Factually, we are constantly finding links and we get excited about connections between things and start coming up with ideas and switch directions on a dime. It is incredibly hard to understand when you don’t have ADHD. Let’s talk about some of the things you can do to mitigate this behavior (if you choose to).

Thoughts on Mitigating Focusing Issues

One of the best pieces of advice that I can give on mitigating focusing issues is using a notebook or a tablet to jot down your thoughts in meetings/when talking to others. It’s crucial to be as self-aware as possible. It’s very hard to realize that people don’t operate like you do. No one is ever going to really understand what it’s like. We need to do the best we can to make our delivery as human-friendly as possible.

I really like the concept of mindmapping to make sense of what is going on in my mind. Diagramming and drawing out what I’m trying to do and the connections that I am making is really helpful. Sometimes it can also be a good way to show how you got to some of your conclusions when others are confused by your unique thought process.

The Social Challenges of ADHD

There is no larger issue with ADHD than our social challenges. It would take at least two hands to show the problematic situations I have found myself in because of ADHD. Socially, we have several problems:

  1. I don’t know when people stop talking
  2. Highly excitable
  3. Zero filter
  4. Excessive talking
  5. Often talking without thinking it over properly first

I don’t believe in putting lipstick on a pig by any means. I’ve had a very tough life professionally because my social challenges with ADHD, but I’ve been lucky that I can interact with people at all because many cannot. People will inevitably think you are many things with few of them good.

Trying to Smooth Our ADHD Edge in Social Situations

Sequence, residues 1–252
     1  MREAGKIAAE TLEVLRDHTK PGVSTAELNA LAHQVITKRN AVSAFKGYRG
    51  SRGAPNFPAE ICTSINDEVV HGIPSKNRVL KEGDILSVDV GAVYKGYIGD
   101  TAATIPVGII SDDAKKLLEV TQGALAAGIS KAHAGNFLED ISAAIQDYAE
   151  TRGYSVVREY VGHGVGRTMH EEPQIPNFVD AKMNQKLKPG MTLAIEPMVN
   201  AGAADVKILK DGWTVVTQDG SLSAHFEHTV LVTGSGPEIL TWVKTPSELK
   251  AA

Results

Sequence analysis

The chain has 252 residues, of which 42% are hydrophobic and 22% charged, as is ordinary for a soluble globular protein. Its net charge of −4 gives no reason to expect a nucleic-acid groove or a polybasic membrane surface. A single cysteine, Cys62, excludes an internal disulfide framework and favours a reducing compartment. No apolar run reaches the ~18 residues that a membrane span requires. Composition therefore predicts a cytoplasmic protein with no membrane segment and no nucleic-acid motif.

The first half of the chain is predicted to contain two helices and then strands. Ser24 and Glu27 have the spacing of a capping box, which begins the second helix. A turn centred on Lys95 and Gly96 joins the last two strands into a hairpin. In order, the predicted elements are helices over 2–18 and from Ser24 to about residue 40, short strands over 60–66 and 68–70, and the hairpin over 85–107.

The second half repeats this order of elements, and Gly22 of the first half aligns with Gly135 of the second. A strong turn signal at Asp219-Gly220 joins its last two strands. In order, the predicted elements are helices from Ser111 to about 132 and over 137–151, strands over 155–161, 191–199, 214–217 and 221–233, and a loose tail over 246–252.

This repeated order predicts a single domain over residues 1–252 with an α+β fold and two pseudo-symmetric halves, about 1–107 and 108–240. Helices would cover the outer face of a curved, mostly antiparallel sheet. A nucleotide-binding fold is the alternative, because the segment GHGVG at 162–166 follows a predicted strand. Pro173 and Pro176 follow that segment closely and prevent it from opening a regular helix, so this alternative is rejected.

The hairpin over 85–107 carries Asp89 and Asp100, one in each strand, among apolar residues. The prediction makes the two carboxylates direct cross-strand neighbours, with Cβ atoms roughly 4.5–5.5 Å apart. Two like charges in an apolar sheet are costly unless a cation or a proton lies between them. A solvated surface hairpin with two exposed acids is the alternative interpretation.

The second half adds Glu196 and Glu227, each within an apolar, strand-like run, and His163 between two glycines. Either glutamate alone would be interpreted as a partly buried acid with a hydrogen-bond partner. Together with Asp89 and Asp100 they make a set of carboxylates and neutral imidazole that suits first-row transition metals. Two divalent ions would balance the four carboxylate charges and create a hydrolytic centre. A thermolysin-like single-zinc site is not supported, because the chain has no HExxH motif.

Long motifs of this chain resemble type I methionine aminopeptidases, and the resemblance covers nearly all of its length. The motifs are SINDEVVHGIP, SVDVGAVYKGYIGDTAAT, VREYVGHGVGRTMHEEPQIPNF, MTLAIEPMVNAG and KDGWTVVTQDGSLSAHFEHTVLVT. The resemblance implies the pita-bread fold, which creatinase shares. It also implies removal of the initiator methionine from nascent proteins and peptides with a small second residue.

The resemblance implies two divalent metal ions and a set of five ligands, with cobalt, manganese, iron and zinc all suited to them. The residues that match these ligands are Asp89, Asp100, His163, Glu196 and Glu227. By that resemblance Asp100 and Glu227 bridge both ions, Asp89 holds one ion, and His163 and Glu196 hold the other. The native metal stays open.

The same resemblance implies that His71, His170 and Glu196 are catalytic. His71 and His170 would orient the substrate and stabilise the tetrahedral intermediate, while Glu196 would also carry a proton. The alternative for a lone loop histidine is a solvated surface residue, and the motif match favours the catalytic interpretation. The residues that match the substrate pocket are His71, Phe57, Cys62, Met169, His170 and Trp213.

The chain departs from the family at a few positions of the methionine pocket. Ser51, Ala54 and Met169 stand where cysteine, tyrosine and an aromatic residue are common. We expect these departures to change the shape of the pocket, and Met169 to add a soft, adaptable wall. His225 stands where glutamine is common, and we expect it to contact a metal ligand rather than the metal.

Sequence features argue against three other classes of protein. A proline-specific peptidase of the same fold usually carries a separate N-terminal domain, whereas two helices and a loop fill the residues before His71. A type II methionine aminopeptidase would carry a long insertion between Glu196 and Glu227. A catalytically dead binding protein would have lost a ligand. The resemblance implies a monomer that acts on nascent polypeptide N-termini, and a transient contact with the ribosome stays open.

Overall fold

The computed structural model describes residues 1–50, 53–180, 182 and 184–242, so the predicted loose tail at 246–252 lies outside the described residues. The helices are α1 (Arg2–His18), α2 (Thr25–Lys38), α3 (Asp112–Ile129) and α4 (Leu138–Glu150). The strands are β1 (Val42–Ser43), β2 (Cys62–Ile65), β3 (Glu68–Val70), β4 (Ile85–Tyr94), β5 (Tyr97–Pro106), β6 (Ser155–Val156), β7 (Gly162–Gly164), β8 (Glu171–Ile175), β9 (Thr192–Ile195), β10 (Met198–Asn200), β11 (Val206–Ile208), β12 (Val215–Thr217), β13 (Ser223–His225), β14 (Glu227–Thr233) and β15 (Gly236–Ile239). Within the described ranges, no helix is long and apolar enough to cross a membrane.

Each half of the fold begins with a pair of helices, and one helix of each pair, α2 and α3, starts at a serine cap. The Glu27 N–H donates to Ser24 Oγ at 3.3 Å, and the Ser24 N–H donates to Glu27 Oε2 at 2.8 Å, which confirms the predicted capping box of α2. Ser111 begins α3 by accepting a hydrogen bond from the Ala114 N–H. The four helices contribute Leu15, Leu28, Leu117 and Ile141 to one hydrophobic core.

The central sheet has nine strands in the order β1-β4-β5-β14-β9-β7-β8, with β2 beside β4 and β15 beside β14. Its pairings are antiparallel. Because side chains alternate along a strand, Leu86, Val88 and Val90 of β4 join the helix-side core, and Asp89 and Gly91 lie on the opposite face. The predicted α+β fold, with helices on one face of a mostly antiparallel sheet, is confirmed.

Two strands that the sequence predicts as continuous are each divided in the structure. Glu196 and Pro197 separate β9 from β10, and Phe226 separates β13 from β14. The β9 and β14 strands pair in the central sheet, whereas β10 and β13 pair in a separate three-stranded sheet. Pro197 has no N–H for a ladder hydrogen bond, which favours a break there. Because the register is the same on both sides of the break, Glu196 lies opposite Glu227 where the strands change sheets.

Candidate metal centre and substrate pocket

Our social interactions are probably a majority of the reason that ADHD gets such a bad rap. It can really be a mixed bag especially with how political IT has become with downsizing, layoffs, etc. Some people will appreciate how honest you are. People like us are usually seen as fairly genuine and passionate.

Smoothing out our edges are VERY hard. One of the things that works well is having an honest dialogue with your manager about your challenges. A good manager that has your back operates as a great buffer to take the edge off. I’ve found over the years that being self-aware is your best tool. You can “try” to coach yourself to pay extra attention and try to make sure you think before talking, but that isn’t always going to work. For me, the main focus is trying to be consistent and doing the right thing. Building a good reputation helps people look past minor mistakes to know you have good intentions.

Building a good reputation helps people look past minor mistakes to know you have good intentions.

My Struggles with Retaining Information

Similar to earlier when I discussed focusing, retaining information is a major problem. Historically, school was always very difficult for me. Growing up, they didn’t have the help that my kids do today. I fought my way through to a high school diploma and eventually to an online bachelors degree. It’s not about how you start, but about how you finish.

I’ve never been able to read and retain information. I haven’t read a book for pleasure for 30 years for this exact reason. When your mind wanders all over the place, it’s near impossible to retain information. Ironically, it’s why I started a blog after VMworld 2017. Let’s talk about what I have done to learn how to remember things.

How I Retain Information

I’ve found that two things work for retaining information: (1) physically doing things and (2) writing/documenting things. Coming up with creative ways to ingrain information into your mind is very tricky when you have ADHD. This is part of the reason why people struggle to advance and develop. Even today, companies don’t do a great job providing training mechanisms that work well for people with mental illness.